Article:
The Churchill War Rooms in London were a top-secret hideaway from which the British plotted strategy during World War II. The underground bunker, now a museum, was designed to withstand ferocious bombing attacks by the Germans.
Two weeks ago, the place was almost destroyed by Americans, namely my three rambunctious boys.
Over the holidays, my family took a jaunt across the pond for a couple of days to visit London. I had high hopes for educational enrichment. This was clearly necessary: my eleven-year-old, Robbie, was stubbornly attached to the idea that Winston Churchill was a church on a hill in the town of Winston.
Even as we filed into the museum, Robbie was vigorously defending his theory to his two older brothers. Their scorn led to a shoving match which nearly got us thrown out only moments after I’d paid the entry fee.
My three boys are big. When they start jostling, there’s a lot of collateral damage accompanied by loud proclamations of propaganda. “I didn’t do anything!” “He started it!” “That wasn’t me!”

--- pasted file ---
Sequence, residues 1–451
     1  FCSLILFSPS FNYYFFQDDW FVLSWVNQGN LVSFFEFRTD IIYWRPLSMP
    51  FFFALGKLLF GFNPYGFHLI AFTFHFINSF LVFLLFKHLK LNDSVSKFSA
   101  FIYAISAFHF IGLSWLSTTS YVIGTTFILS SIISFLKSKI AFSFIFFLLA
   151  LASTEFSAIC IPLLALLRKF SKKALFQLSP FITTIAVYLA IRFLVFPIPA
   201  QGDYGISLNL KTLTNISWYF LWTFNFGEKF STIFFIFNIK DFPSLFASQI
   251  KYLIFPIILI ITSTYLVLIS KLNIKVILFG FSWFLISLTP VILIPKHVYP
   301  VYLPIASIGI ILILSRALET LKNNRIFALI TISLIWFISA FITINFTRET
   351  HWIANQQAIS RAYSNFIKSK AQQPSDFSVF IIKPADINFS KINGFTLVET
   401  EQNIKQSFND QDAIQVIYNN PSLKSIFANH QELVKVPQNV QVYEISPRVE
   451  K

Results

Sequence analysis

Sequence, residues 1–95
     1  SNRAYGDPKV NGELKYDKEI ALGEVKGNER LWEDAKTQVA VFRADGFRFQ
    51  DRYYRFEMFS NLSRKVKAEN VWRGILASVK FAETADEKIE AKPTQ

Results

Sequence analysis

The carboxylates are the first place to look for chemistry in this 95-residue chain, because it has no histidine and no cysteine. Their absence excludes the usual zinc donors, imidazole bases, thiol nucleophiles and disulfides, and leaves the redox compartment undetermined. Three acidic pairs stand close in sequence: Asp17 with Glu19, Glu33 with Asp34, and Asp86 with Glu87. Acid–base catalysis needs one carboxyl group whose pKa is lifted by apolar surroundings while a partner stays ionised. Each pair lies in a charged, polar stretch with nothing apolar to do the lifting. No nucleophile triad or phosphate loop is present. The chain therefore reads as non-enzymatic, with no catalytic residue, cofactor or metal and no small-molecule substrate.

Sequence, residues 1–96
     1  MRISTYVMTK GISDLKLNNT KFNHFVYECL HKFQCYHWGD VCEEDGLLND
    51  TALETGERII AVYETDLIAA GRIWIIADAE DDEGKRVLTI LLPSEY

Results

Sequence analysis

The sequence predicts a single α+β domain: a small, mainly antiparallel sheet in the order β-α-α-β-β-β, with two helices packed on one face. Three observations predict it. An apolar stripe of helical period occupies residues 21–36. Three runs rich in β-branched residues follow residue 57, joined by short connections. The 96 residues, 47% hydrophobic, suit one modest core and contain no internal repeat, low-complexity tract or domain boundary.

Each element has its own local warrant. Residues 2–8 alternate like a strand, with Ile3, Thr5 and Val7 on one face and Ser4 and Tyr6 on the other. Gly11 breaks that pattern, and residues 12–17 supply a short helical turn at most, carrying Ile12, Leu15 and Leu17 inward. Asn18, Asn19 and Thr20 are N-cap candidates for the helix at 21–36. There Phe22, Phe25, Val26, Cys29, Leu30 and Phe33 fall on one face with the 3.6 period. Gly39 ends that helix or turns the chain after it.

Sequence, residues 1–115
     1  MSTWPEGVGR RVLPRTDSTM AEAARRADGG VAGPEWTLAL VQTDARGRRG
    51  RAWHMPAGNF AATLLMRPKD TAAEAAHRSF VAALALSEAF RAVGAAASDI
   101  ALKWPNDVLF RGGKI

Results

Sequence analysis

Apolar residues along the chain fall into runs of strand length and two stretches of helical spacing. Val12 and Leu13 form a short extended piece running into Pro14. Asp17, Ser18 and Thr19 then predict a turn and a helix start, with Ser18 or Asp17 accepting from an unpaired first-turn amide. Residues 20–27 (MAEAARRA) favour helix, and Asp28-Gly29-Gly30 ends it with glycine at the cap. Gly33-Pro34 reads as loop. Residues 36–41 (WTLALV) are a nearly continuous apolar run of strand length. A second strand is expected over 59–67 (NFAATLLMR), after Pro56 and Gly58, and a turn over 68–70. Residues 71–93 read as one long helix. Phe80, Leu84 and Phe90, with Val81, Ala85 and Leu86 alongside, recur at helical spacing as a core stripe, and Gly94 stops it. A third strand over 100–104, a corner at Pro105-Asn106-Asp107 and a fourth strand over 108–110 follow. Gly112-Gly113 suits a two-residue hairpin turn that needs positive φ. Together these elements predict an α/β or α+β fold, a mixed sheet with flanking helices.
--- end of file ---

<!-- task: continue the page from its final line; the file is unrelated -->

Nobody did anything and nothing happened, according to the boys, but everything in their wake is busted, and all three look pretty beat up. The Churchill War Rooms survived the attack, but just barely.
Waiting patiently in long queues in an art in Britain. I’d hoped my boys would learn that skill in London, but no, that was too much to hope for.
The final straw came when we landed Logan Airport. After getting off the plane, we joined the long passport-control lines. That’s when jetlag, exhaustion and impatience ramped tensions among the boys up to DEFCON 1.
How it started no one knows, but the altercation escalated rapidly to tripping, shoving, jabbing and name-calling. I admonished. I pleaded. Then I threatened. Interrogation rooms – with black-op torture techniques – were waiting if they didn’t quiet down.
Family travel isn’t anything like the glossy photos in the magazines featuring laughing parents and happy children. Take it from me, it’s a war most of the time. The victor is the one who never, never, never gives up. I learned a lot from Winston Churchill. I guess my boys did, too.